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Mung bean sprouts - any experience in growing them?

 
Amedean Messan
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Location: Melbourne FL, USA - Pine and Palmetto Flatland, Sandy and Acidic
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Just trying to crowd-source information here but I have recently become very interested in Asian cuisine with particular interests in stir-frying. One of my favorite ingredients is the bean sprouts. Mung bean is the most commonly used bean because for their characteristic long stems so I have read but as much as I like these I am interested in maintaining a sustainable diet. This means if I cannot grow them then I will not pursue to incorporate them in my diet.

This leads me to a gap in my information - can I grow them? I found a link from the USDA which leads me to believe that I can grow them here in North Carolina because it is grown in Virginia (link below).

http://plants.usda.gov/java/profile?symbol=VIRA4

One aspect that further interests me is the increased nutritional value of the sprouted bean when compared to the dormant seed. I found some additional information from youtube regarding how to cultivate the sprouts.



 
Rebecca Norman
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Yes, I've grown mung bean sprouts as well as sprouted any and every other dry bean or pea from our shelf. You'll find instructions all over the place but it boils down to something very simple:

1) They are seeds, and alive, so don't let them dry out, get too hot, freeze, or sit in festering water.

2) How we do it is, we soak the dry bean or pea overnight in warm water. Next day, we drain it off, rinse, and leave the moist seeds in a loosely covered container. You don't need any special sprouting apparatus, but a sieve is useful. Do what you need to in order that they not dry out. Put in some new water every day or so, and drain it off to keep the seeds moist but not festering. They'll sprout faster if kept warm (but not killingly hot, of course). I feel that they are sweeter if sprouted in warmer conditions, but I'm not sure it's true.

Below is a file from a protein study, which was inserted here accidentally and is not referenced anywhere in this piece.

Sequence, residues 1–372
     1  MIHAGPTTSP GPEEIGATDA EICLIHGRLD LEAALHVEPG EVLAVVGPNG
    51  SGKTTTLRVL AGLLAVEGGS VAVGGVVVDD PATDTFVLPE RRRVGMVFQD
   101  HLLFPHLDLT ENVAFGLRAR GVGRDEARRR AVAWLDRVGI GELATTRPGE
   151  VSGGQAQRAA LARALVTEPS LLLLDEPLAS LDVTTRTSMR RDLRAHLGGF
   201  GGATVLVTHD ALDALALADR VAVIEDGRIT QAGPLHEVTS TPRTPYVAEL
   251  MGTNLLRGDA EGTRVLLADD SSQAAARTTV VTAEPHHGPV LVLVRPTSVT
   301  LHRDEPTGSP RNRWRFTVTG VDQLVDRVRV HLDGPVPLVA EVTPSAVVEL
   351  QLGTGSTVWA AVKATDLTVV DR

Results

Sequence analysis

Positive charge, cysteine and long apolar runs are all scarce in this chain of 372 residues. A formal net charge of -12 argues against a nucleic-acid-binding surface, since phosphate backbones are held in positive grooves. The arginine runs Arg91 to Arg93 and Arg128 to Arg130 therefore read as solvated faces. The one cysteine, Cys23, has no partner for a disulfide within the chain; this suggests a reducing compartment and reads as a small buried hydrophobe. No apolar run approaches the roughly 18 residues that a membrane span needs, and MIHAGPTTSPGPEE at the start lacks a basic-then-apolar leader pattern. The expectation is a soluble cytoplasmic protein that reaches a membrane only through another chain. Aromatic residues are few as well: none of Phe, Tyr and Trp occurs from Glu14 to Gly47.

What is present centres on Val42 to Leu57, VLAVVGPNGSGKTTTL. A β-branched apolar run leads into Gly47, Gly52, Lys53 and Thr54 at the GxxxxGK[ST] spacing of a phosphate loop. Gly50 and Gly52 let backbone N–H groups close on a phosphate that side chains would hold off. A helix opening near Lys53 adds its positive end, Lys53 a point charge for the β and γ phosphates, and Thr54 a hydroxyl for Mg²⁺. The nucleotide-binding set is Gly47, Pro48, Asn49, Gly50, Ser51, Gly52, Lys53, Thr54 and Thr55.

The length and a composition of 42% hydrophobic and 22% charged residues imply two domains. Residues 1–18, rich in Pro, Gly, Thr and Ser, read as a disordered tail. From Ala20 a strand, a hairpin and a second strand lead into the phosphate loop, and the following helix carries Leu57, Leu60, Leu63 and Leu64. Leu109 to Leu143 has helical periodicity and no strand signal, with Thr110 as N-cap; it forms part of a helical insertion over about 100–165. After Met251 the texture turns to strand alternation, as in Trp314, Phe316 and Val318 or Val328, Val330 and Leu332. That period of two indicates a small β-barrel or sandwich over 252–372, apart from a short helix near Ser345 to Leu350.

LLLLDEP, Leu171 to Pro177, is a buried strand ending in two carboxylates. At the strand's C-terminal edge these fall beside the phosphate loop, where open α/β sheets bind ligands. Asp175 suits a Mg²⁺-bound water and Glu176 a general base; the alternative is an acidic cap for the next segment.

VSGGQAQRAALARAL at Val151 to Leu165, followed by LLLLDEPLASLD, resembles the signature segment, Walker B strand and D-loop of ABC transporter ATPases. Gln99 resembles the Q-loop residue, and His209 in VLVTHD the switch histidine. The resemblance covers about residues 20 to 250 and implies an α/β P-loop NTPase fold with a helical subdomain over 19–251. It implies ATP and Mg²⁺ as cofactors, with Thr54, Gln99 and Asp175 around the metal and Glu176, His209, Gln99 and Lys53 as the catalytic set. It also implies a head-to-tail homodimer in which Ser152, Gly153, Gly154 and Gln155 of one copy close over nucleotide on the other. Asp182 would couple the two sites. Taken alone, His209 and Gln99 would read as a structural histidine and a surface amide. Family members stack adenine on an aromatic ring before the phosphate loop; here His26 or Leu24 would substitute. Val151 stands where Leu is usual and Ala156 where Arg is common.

3) Taste them as soon as they swell up and I find that they are delicious every day, from having a tiny nub of shoot till they get long. My mung bean sprouts never get as long as the ones sold in the US (as shown in your picture) but they were delicious anyway, especially in winter when we don't have any fresh vegetables. At some point they sort of wilt.

All kinds of dried peas and beans usually do well. I like the flavor of some of the other ones better than mung beans.

I also did some herbs, ones where both the seed and the leaf are edible.

Tip: Don't mix different things in one container, because they sprout at different rates.
 
Amedean Messan
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Location: Melbourne FL, USA - Pine and Palmetto Flatland, Sandy and Acidic
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Thanks Rebecca, have you any experiences on cultivating mung beans? I was hoping to find some user experience with people harvesting mung beans in temperate regions like here.
 
Rebecca Norman
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Location: Ladakh, Indian Himalayas at 10,500 feet, zone 5
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Sorry, no, we just buy them. They are not grown in this region. But any and all types of fully ripe and then dried peas and beans will sprout nicely. We do grow local peas and sprout them too.
 
Amedean Messan
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Location: Melbourne FL, USA - Pine and Palmetto Flatland, Sandy and Acidic
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Well I found some information on cultivation in more northern states here.

http://www.hort.purdue.edu/newcrop/afcm/mungbean.html
 
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